Continued monitoring unfortunate

R. A. Hettinga rah at
Tue Aug 10 14:25:53 PDT 2004


The Nassau Guardian Online Guide

Contact Us  Tuesday, August 10, 2004

Continued monitoring unfortunate

Sears argues against decision by the FATF to continue monitoring The Bahamas

By MARTELLA MATTHEWS,Guardian Business Reportermartella at

The snub The Bahamas' financial services industry received from the
Financial Action Task Force (FATF) in the form of continued formal
monitoring, highlights the urgent need for a more level playing field and
the convening of a global forum on money laundering, Attorney General
Alfred Sears said.

 After close to a month of silence following the release of this decision
by the FATF outlined in the Annual Review of Non-Cooperative Countries and
Territories (NCCT) in early July, Mr Sears, who recently ended his term as
chairman of the regional arm of the organization, the Caribbean Financial
Action Task Force (CFATF) told The Guardian that this development
emphasised the need for "a level playing field and uniform application of
the law."

 The Attorney General continued that if these two realities existed,
countries like The Bahamas that have made enormous progress in the areas of
money laundering and anti terrorism financing regimes would be recognised.

 "That is why we have been calling for a global forum on money laundering
where all countries of the United Nations would have a right to sit down
and help to make the rules and ensure that they are applied across the
board in a uniform fashion," he said.

 Noting some of the changes made by the Bahamas immediately after being
blacklisted by the FATF in 2000 as a NCCT, Mr Sears said that included in
the bundle of financial legislation passed just a year later were the
abolishment of practices still in force in some FAFT member countries. "We
for example have abolished bearer shares," he said.

 "They still have bearer shares in the United States and other
jurisdictions and FATF member countries." Regulation of gatekeepers like
lawyers and accountants was another change made by The Bahamas that is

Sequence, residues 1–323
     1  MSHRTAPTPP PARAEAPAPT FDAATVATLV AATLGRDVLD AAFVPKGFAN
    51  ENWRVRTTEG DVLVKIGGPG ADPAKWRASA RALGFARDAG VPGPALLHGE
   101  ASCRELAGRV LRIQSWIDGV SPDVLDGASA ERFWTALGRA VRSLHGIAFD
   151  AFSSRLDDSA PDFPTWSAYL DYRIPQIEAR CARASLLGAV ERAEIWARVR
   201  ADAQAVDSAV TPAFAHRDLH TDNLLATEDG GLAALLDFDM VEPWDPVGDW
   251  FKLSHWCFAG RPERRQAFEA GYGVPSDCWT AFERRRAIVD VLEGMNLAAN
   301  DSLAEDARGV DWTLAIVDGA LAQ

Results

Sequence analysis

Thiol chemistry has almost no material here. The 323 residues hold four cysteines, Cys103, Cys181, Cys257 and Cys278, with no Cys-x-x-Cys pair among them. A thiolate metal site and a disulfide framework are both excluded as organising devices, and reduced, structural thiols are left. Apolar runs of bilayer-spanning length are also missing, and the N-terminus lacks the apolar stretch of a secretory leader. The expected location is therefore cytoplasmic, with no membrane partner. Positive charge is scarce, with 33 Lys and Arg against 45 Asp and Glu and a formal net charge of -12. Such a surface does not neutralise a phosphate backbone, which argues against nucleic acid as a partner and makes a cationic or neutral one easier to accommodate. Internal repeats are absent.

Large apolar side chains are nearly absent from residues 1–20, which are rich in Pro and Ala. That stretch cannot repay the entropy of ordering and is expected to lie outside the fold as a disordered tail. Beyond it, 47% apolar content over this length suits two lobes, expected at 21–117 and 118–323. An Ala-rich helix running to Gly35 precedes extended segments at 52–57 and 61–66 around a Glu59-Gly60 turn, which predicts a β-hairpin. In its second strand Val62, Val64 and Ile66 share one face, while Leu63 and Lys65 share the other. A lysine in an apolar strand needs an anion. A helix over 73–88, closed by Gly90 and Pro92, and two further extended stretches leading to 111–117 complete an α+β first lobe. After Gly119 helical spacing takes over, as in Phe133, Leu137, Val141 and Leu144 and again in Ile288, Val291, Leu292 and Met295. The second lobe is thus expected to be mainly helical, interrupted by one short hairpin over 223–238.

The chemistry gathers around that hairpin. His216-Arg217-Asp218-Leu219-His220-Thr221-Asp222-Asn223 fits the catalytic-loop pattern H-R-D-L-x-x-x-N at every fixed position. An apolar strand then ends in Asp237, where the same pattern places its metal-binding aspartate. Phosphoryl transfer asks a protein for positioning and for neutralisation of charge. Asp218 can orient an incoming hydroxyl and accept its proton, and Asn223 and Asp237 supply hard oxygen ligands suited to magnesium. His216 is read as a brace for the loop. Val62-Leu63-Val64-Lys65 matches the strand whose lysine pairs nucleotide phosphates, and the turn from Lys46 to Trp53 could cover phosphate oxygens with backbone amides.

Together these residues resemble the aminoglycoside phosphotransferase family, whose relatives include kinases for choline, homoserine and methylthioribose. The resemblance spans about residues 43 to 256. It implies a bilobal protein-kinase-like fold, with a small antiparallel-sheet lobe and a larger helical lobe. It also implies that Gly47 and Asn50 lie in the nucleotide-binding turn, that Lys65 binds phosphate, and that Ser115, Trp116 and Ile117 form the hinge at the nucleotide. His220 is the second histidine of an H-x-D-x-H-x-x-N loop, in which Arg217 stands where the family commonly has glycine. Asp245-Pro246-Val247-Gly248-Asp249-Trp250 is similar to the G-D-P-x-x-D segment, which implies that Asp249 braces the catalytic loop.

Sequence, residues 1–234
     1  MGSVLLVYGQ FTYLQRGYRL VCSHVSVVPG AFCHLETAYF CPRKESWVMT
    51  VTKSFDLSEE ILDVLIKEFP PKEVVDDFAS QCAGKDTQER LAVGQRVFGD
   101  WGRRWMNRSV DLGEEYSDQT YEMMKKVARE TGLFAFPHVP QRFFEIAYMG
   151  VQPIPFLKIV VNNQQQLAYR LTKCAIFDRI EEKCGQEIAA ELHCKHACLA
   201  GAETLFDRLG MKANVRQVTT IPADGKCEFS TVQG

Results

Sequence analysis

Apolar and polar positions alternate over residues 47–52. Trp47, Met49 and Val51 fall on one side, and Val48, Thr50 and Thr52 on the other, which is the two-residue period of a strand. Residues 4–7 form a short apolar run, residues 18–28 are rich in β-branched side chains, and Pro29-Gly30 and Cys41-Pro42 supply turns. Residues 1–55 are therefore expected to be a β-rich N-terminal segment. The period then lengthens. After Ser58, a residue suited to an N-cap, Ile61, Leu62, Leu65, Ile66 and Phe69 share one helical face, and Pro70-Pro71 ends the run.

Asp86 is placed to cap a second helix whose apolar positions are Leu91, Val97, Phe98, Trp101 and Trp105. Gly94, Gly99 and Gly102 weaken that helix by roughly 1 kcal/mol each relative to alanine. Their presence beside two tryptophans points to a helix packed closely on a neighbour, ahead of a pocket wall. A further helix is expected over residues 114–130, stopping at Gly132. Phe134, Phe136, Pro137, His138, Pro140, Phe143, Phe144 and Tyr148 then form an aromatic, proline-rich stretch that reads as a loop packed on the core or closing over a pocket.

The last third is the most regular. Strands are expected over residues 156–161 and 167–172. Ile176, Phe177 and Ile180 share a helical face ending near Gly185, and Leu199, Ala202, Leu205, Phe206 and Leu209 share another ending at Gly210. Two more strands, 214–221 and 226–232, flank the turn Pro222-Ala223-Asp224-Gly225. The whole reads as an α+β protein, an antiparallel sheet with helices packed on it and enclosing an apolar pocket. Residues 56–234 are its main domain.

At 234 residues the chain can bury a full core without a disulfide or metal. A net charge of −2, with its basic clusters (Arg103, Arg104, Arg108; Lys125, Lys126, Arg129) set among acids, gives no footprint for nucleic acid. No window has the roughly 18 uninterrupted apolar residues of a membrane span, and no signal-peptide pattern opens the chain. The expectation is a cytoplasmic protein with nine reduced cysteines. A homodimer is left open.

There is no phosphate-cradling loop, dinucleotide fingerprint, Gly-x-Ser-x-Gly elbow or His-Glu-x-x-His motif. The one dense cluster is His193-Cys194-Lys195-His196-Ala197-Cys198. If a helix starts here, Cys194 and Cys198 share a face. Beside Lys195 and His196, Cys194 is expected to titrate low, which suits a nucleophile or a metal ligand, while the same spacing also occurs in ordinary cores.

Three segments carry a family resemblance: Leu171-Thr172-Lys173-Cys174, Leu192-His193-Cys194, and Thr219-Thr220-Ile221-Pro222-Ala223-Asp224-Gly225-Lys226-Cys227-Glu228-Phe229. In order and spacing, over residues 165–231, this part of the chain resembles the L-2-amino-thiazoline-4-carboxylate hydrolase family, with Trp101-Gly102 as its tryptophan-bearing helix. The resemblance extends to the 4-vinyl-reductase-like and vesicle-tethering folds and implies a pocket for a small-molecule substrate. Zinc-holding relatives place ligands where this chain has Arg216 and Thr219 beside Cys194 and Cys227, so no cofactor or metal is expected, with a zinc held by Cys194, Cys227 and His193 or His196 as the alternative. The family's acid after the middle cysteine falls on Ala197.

still ongoing in other FATF member countries.

 In its annual review, the FATF stated that although it had ended the
formal monitoring of other CFATF member countries blacklisted with The
Bahamas in 2000 or immediately afterwards, concerns regarding adequacy in
the areas of international cooperation required that the jurisdiction
undergo continued monitoring.

 In the report, three CFATF member countries were granted an end to their
formal monitoring process. Dominica was granted an end to its formal
monitoring in October 2003, while the end of monitoring for Grenada and St.
Vincent and the Grenadines was formally announced in the annual review.

 Responding to the slight, Attorney General Sears described the reason
given by the international body for continued monitoring as unfortunate
adding that The Bahamas had made enormous progress in the area of
international judicial cooperation.

 "That has been acknowledged by the Americas group of the FATF, it's been
acknowledged by the United States, it's been acknowledged by Canada and
it's also been acknowledged by the United Kingdom and I have the written
indications of such," he declared.

 He admitted however that there were aspects of international cooperation
that still needed work. "We still have an outstanding issue in terms of
regulators to regulate the cooperation and that relates to the Central Bank
and the Securities Commission." Giving a present day example of the issues
that were being addressed, Mr Sears said that in instances where
information was given to the United States Securities Exchange, this body
wanted to be able to share this information with the Justice Department.

 This presented a problem, as under Bahamian law, similar entities in The
Bahamas cannot share information with their counter parts in an
unrestricted manner. "The law requires that if the regulator receiving the
information wishes to pass it on to another entity they get the approval of
the Bahamian regulator," he said.

 The former CFATF chair told The Guardian that this particular problem was
currently being worked out between the Bahamian government and the U.S.
regulators. "I headed a delegation comprising of the Governor of the
Central Bank, the Minister of Social Services, the Minister of Investments
Allyson (Maynard) Gibson, Hillary Deveaux from the Securities Commission,
(and) Michelle Martinborough," Mr Sears said.

 "We have had a very good negotiation with the (U.S.) Securities Commission
and Exchange and we're working out a protocol now. Its my expectation that
that issue will be satisfactorily resolved in short order."

 Expressing his disappointment at the move by the FATF, which others in the
financial services community describe as a deliberate assault on the
country's financial services sector, Mr Sears said: "What I would wish is
that when we make progress that it is reflected in the statements out of
the FATF... The Bahamas has certainly done more than most; we have gone in
some instances further than most. I think we ought to be recognised and it
ought to be acknowledged the enormous progress that we have made."

R. A. Hettinga <mailto: rah at>
The Internet Bearer Underwriting Corporation <>
44 Farquhar Street, Boston, MA 02131 USA
"... however it may deserve respect for its usefulness and antiquity,
[predicting the end of the world] has not been found agreeable to
experience." -- Edward Gibbon, 'Decline and Fall of the Roman Empire'

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